Quitting Smoking - Thinking About Quitting?
When you're craving
tobacco, it's hard to focus on quitting. Preparing yourself before you quit can
help. Before you quit, get ready for a life without nicotine.
Think about your reasons for quitting
motivate you to quit smoking? Think about it. It's important to have your own
reasons for quitting.
Use this self-test to help you discover what
motivate you to quit smoking(What is a PDF document?).
healthy is a common reason to want to quit smoking. Or maybe you want to feel
more in control of your life, instead of feeling controlled by tobacco.
Teens may have other reasons to quit smoking.
Talk to your family and friends about quitting.
Their support might help you decide to quit.
Quitting Smoking: Getting Support
Know the risks of smoking
What worries you about
smoking? Make a list. Talk about it with your doctor. You may worry about:
Look forward to the rewards
What do you gain by
quitting? You can:
- Feel better and be able to do more.
- Have a
younger-looking and healthier body.
- Set a
good example for others (especially children).
- If you smoke, your child is more likely to
- If your teen smokes, he or she may be more likely to quit
smoking if you quit.
- If your child never smokes during the teen years, he or
she is less likely to start smoking in the future.
- Save money by getting rid of the
cost of smoking. To find out how much you spend on
cigarettes, see the
Interactive Tool: How Much Is Smoking Costing You?
- Be in control of your habits.
Prepare for roadblocks
What could make you start
smoking after you stop?
Triggers could be events, places, or even people.
Alcohol, stress, and being around other smokers are major triggers for many people. You may always have a
smoke after lunch or during happy hour on Fridays. Does your best friend smoke?
You can't always avoid these challenges. But you can plan for how to deal with
What you need to know
Symptoms include feeling grouchy or depressed and having trouble sleeping or
Here are some things that can
- Take medicine to help control the symptoms. Using
medicine can double your chances of quitting.1
- Get some exercise.
- Start a new activity, take a class, or read a book on a subject that interests you.
- Get counseling
and phone support.
- Try to avoid smoking triggers.
Quick Tips: What to Do When You Crave Nicotine
Quitting Smoking: Coping With Cravings and Withdrawal
Failure in the past
If you weren't able to quit in
the past, don't lose hope. Studies show that each time you try to quit, you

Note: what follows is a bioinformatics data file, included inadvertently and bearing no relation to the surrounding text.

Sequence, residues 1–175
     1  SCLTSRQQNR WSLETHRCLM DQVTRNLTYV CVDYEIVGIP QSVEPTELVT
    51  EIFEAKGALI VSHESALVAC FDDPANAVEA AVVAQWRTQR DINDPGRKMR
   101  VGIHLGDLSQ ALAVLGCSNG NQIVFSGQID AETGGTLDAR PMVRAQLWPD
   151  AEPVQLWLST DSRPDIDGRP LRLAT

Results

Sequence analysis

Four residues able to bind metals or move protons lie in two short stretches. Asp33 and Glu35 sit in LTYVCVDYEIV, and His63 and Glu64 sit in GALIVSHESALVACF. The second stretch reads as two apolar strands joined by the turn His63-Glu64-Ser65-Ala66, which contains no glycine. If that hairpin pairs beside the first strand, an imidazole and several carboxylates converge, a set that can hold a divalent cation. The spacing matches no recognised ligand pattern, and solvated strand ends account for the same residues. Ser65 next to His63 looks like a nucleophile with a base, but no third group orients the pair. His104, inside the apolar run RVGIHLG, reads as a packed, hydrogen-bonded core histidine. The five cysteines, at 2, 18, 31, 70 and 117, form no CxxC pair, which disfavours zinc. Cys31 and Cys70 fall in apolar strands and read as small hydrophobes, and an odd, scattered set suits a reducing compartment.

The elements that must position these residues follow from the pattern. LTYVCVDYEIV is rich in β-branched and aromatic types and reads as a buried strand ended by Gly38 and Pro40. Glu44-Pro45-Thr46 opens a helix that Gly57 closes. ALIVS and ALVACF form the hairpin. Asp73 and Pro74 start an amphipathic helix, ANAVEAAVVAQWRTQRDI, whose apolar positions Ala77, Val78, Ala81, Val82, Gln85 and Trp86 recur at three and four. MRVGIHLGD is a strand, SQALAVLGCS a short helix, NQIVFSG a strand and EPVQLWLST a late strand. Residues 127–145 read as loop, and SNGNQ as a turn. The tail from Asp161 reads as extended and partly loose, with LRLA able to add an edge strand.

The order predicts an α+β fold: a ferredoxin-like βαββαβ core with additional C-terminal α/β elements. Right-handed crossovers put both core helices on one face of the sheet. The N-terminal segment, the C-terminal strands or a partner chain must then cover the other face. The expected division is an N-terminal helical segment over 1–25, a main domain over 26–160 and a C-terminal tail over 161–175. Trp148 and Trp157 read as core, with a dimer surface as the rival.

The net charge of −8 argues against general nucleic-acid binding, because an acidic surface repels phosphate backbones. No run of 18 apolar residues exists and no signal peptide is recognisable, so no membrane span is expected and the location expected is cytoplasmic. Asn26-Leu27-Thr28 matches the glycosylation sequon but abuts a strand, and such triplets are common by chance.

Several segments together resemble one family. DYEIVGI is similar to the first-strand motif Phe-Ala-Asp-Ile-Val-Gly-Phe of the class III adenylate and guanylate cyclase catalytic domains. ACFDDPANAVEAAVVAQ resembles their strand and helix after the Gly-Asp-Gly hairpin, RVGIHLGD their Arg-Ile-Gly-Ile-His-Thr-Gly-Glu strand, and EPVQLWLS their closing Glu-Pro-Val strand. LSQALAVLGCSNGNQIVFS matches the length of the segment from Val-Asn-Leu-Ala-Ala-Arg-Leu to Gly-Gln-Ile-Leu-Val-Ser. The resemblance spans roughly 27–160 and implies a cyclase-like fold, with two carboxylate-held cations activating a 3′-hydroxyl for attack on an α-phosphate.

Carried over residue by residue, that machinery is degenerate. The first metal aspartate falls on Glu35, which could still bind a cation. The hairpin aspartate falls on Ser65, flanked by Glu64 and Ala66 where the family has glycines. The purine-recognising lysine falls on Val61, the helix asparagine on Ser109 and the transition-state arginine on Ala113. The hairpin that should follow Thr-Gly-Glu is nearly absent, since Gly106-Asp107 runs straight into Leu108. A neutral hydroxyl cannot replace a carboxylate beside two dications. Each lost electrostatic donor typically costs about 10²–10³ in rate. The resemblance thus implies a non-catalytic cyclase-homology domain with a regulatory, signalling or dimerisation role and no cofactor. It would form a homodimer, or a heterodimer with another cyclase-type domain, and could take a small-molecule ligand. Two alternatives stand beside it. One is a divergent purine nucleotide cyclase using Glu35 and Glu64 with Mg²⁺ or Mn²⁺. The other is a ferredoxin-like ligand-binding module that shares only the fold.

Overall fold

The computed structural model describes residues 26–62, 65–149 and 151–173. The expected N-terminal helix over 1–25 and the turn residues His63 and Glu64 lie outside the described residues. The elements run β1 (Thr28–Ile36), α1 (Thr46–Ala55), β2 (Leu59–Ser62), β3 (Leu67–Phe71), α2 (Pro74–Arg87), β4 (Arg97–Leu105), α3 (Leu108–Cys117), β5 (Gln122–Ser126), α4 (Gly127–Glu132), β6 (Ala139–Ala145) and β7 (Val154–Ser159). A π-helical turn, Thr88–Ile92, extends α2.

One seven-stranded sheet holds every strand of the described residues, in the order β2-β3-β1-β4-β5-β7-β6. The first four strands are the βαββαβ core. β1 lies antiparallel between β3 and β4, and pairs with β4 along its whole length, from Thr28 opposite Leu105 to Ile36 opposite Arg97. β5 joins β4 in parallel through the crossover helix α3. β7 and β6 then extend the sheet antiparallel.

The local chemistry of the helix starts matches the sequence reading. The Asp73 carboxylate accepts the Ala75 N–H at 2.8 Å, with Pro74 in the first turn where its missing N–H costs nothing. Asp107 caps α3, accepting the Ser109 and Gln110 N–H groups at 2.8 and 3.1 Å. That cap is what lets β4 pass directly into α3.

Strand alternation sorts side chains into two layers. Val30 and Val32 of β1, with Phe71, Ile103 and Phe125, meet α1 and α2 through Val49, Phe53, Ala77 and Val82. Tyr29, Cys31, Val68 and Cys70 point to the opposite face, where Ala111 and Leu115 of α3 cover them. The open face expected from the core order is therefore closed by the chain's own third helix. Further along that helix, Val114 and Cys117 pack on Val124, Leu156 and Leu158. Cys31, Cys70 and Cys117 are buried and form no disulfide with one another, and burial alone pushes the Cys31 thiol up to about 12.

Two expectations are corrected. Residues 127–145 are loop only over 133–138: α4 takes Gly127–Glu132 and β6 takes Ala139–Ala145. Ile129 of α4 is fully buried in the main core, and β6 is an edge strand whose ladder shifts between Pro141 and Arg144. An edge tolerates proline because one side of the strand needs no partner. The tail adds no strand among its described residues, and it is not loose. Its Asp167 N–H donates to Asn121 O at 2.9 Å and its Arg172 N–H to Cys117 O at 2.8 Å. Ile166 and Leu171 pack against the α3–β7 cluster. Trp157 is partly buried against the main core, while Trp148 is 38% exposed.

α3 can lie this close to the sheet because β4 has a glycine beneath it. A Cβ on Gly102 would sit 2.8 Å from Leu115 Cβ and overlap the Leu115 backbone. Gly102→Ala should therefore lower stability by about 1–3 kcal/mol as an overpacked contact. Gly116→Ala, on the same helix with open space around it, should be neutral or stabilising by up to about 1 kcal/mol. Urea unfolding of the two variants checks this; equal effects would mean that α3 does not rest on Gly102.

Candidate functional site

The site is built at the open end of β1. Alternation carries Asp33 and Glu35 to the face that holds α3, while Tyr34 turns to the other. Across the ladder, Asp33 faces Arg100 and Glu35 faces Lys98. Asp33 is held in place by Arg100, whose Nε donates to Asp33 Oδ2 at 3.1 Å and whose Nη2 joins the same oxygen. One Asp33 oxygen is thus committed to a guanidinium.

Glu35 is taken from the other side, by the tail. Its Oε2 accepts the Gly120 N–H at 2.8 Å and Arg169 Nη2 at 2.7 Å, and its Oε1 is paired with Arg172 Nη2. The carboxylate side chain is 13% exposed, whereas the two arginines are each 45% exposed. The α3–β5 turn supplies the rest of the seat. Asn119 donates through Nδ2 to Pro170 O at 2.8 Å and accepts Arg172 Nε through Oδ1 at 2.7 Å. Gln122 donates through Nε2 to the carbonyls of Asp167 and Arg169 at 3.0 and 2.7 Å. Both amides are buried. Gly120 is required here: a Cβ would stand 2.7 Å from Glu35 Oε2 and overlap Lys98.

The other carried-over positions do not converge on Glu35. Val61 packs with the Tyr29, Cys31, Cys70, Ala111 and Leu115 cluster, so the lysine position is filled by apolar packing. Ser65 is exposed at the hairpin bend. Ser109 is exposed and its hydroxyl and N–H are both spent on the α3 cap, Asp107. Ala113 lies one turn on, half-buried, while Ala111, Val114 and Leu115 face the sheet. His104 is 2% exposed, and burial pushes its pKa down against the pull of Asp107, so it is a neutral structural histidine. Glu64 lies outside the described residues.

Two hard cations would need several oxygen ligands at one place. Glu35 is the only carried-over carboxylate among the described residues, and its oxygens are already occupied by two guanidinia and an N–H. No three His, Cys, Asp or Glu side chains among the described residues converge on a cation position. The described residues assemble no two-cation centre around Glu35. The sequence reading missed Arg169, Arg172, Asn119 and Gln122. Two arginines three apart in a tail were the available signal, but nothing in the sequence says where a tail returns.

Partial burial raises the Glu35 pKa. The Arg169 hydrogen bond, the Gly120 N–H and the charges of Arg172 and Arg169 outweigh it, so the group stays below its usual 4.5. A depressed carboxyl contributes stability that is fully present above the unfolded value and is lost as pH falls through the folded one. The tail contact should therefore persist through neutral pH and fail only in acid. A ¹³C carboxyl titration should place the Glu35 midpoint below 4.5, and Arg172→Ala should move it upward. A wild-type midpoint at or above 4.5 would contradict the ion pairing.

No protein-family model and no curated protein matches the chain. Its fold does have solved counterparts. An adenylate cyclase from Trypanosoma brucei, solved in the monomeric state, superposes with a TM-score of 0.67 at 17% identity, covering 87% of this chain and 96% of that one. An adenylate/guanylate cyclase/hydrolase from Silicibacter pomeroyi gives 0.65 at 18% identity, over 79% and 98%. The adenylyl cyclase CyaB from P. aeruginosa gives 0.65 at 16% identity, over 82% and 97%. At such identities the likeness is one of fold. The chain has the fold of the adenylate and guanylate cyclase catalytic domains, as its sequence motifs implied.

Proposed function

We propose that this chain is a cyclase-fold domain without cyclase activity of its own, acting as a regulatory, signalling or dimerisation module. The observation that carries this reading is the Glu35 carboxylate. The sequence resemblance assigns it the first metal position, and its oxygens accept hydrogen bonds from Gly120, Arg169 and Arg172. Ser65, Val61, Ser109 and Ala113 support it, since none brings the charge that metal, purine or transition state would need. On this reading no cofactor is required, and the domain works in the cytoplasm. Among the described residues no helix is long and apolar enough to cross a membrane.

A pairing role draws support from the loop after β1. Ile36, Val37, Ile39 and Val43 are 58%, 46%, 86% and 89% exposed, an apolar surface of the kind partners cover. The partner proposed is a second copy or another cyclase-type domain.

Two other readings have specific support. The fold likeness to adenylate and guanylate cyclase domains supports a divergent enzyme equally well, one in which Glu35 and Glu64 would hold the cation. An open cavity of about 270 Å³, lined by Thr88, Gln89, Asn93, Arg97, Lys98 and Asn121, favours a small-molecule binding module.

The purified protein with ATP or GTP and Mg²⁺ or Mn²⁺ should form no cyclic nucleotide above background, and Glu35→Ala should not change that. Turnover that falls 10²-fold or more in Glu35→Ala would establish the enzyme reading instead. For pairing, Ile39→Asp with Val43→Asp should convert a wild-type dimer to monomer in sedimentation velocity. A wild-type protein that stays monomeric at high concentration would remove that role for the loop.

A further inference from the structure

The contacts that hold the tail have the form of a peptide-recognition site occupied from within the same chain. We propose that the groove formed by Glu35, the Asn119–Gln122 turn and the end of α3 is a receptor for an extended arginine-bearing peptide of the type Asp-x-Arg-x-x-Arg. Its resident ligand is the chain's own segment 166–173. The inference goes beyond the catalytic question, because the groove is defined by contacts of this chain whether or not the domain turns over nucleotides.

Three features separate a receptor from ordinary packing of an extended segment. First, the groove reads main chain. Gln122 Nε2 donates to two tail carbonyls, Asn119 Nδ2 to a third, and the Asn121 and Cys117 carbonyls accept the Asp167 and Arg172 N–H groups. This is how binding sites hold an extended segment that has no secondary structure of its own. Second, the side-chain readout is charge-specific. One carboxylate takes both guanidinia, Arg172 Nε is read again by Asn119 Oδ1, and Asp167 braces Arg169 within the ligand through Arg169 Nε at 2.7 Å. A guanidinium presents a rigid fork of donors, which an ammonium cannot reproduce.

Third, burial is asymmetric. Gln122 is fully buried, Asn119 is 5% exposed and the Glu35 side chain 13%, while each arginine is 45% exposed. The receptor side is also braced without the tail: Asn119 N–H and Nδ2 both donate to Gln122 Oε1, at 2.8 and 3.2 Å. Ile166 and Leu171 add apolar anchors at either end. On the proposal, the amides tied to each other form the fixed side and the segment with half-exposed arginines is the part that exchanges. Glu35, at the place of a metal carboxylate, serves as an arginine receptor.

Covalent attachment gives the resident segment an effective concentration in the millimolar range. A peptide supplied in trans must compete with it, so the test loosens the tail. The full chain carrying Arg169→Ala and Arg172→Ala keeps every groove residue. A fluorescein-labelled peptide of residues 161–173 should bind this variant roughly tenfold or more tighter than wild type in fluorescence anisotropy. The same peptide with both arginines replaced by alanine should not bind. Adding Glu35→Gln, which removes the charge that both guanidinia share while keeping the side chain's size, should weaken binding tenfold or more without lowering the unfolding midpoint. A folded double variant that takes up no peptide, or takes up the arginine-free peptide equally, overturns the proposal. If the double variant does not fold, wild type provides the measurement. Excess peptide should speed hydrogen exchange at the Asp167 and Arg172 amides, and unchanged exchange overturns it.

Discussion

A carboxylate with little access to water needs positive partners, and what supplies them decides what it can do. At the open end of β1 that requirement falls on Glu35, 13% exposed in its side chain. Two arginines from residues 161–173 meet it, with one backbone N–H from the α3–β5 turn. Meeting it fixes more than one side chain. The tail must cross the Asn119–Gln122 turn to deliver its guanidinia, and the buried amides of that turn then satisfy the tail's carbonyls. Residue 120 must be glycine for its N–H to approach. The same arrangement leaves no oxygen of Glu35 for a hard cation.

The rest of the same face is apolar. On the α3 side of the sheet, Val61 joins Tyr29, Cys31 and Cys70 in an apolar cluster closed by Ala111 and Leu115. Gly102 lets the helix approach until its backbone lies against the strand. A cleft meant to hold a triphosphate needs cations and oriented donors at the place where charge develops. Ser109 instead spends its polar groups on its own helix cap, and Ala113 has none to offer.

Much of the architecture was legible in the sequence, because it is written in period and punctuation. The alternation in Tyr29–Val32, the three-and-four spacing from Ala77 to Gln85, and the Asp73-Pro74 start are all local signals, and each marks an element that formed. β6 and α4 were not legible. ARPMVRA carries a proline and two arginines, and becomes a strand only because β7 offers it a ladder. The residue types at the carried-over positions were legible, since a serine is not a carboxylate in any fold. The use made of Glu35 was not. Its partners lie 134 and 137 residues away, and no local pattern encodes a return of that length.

will be stronger and will have learned more about what helps and what makes it
Most people try to quit many times before they can quit for good.
You may gain some weight when
you stop smoking. Don't try to avoid this by going on a strict diet at the same
time. This will make it even harder to stop smoking.
You can take
steps to lower your chance of gaining weight:
- By being more active. Exercise will also help you feel better.
- By using stop-smoking
medicines. They can help you get through the worst of your cravings and may
help you avoid putting on too much weight.
Quitting Smoking: Dealing With Weight Gain
Depression or nervousness
Medicines and counseling can
help treat nervousness or depression. Talk to your doctor.
Depression: Should I Take an Antidepressant?
Depression: Using Positive Thinking
Lack of support
Support can improve your
chances of quitting. Look for people who have stopped smoking, or seek out
those family and friends who support your goal to quit. Online and phone
support can also help:
- National tobacco quitline: 1-800-QUIT
- Stop-smoking programs, such as the American
Lung Association's Freedom from Smoking program (www.lungusa.org) or QuitNet
- Check with your local hospital or health department for programs to quit smoking.
Quitting Smoking: Getting Support
Living with or being around
someone who smokes
It would be easier for you to
quit if those around you didn't smoke. Discuss quitting together. If this isn't an option, talk to the
person(s) about not smoking around you. When you can, avoid places where others are smoking.
If you enjoy smoking when you drink alcohol, you may need to give up alcohol when you quit smoking, at least for a while.
Stress can lead to smoking, but smoking doesn't really make stress go away.
To control stress, learn what
causes your stress and how to change the way you react. For suggestions, see the topic
smoking habits or not being able to avoid smoking
Assess your tobacco use
(What is a PDF document?)
to discover your smoking triggers. For some people,
morning coffee and going out with friends are common
Change the way you have coffee: the place, the coffee mug, everything that you
did when you were smoking.
Going out with friends. If drinking makes you want to smoke, see about going to a movie rather than going out for
Teen issues, such as fitting in
with the crowd and dealing with stress
Fresher-smelling clothes and
breath are just a few
reasons for teens to quit smoking. They may actually
improve their chances of fitting in. Also, feeling good physically may help
teens deal with stress in healthier ways than by smoking. If you are worried
about a teen who smokes, see:
Substance Abuse: Dealing With Teen Substance Abuse.
Quitting smoking when you have other health problems